I received an email today from a homeowner whose architect and GC wanted justification from a SIP expert regarding the question of roof venting on a SIP structure. The roof detail that provides “back-venting” is often called a “cold-roof”. However, in the context of SIPs, it would be far more accurate to refer to the detail as a “dry-roof”. The concept of a cold-roof is more applicable when we build up North and are concerned about ice-dams. The ventilation under the sheathing helps prevent the melting of snow and refreezing when the run-off reaches the overhang.
Whenever we strive to increase energy efficiency within a structure, it should be agreed that improving airtightness is as (if not more) important than increasing Thermal Resistance (R-Value). When we increase airtightness, we simultaneously decrease the building’s ability to dry.
Think of the 100+ year old barns that are still standing despite routinely getting wet. Without insulation, a structure is actually far more durable because it has a greater capacity to dry. The fastest way to do harm to an old timber frame barn is to pack it with insulation and fail to ensure a good means of drying. It will get wet, it will stay wet, it will rot, and it will fail!
All super-insulated and airtight structures need detailing that promotes a robust capacity to dry. This detail is often used behind siding and is known as a rain screen. The gap allows air to freely move in and out which also helps to dry the cladding and help dry any unintended wetting of the wall assembly’s exterior sheathing. The added benefit to this detail is it reduces thermal drive which causes premature paint failure. An additional benefit is increased sound resistance. The air gap helps to reduce the transfer of sound vibration through the assembly.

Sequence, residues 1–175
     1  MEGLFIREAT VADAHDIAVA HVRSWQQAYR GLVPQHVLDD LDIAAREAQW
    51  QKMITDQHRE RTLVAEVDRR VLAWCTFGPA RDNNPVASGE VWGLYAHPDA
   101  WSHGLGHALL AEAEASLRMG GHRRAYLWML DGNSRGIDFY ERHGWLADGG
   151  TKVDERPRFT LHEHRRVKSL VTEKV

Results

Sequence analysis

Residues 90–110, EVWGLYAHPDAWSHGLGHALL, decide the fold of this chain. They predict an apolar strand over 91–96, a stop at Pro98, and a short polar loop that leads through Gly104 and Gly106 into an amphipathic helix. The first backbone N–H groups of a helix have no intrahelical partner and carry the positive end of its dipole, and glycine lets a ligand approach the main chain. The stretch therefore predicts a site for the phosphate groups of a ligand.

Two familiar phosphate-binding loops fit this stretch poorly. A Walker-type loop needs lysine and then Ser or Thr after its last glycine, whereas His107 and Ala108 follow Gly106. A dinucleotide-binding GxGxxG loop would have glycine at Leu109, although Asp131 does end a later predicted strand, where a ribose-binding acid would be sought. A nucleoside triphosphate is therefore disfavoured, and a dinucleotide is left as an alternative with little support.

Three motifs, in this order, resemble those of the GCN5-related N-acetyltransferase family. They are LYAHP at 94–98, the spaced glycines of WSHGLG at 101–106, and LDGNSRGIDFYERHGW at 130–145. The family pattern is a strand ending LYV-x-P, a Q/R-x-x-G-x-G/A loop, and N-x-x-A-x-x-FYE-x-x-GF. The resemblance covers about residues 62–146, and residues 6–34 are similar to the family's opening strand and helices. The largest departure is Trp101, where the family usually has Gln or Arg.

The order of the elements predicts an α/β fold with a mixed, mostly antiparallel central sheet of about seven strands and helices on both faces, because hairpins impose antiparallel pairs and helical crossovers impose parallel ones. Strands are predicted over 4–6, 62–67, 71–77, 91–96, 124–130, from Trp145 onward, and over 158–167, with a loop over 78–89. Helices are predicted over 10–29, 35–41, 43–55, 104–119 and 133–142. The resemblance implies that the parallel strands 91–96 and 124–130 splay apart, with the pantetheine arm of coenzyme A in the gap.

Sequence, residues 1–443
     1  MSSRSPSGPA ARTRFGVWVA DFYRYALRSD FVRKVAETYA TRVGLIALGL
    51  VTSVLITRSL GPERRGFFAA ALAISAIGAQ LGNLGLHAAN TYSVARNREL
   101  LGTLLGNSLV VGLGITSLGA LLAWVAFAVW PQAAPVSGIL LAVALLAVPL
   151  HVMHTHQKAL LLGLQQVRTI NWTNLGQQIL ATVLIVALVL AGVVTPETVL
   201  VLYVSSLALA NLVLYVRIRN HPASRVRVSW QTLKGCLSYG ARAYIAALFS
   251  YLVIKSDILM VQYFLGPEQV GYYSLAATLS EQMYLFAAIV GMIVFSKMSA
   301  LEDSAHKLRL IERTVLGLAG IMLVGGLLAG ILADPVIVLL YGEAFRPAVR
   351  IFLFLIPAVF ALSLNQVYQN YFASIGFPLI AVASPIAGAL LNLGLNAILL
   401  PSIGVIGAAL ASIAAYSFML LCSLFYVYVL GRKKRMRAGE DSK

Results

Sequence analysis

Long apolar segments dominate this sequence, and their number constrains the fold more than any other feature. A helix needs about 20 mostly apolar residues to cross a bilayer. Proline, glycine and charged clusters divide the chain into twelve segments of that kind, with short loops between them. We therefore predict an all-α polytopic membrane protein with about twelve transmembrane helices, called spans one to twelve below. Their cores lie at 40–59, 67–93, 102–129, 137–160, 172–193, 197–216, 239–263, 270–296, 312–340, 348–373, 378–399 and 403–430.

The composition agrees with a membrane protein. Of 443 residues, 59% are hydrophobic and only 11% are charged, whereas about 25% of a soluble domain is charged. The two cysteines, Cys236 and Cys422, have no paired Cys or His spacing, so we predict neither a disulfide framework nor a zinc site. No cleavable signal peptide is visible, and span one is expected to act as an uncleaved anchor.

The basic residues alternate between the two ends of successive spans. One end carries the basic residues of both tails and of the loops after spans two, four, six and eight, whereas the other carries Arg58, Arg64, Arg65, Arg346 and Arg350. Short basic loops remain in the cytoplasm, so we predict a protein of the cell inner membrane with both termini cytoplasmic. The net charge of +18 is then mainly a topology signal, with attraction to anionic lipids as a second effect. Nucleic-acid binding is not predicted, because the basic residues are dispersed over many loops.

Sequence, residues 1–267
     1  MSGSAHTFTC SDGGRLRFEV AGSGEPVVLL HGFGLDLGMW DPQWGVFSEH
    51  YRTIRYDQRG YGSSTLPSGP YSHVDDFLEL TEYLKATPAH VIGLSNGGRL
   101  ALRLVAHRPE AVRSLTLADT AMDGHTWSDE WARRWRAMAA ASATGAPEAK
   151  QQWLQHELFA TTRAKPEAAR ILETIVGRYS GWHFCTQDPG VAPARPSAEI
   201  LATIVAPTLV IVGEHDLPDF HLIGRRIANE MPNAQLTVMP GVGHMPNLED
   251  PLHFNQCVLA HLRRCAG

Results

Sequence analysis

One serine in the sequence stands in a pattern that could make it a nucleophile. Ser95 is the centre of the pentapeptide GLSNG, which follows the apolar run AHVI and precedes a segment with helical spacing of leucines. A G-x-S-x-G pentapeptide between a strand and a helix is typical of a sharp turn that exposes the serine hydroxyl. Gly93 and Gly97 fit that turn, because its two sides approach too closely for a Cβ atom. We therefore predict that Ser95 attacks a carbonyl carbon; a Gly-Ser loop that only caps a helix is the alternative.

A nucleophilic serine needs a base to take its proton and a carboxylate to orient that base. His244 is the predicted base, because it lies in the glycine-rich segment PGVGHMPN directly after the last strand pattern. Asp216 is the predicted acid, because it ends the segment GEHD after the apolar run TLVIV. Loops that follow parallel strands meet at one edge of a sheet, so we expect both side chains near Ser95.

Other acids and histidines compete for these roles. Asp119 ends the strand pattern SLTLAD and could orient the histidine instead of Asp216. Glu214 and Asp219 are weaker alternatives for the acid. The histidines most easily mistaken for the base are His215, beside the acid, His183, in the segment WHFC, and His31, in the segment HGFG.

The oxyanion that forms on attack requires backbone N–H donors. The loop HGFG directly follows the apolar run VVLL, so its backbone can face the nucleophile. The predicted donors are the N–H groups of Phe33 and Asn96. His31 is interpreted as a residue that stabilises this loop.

All the benefits of back-ventilating your siding are applicable to your roof. It will improve the durability of your structure by increasing the roof’s ability to dry when it gets wet. And, remember that Murphy says it will always get wet. Back-ventilating will improve the life of your cladding and it will help improve your STC performance (sound transmission class).
It is important to note that many types of wall and roof claddings are “self-ventilating”. This is where a material choice can make a big difference. If you opt to specify a slate, tile, or multi-crimp metal roof, your roof cladding is doing double duty as a finish and as a self-venting system. If you chose a standing seam or asphalt shingle roof, your decision to add venting could be one that increases the durability of the structure.
The location of your structure must also be considered!!! I tell builders that if they want to be crappy at their trade, they should go to Phoenix and build where the climate is more forgiving with stupid mistakes. If you’re in an arid climate or one that has very little rainfall, the decision to ventilate would likely be a waste of money. However, if you were in New England, skipping a ventilating detail could spell disaster.
The decision to ventilate or not should be based on
2. cladding type
3. the building’s type of assembly.
Your building will always be more durable if you add ventilation!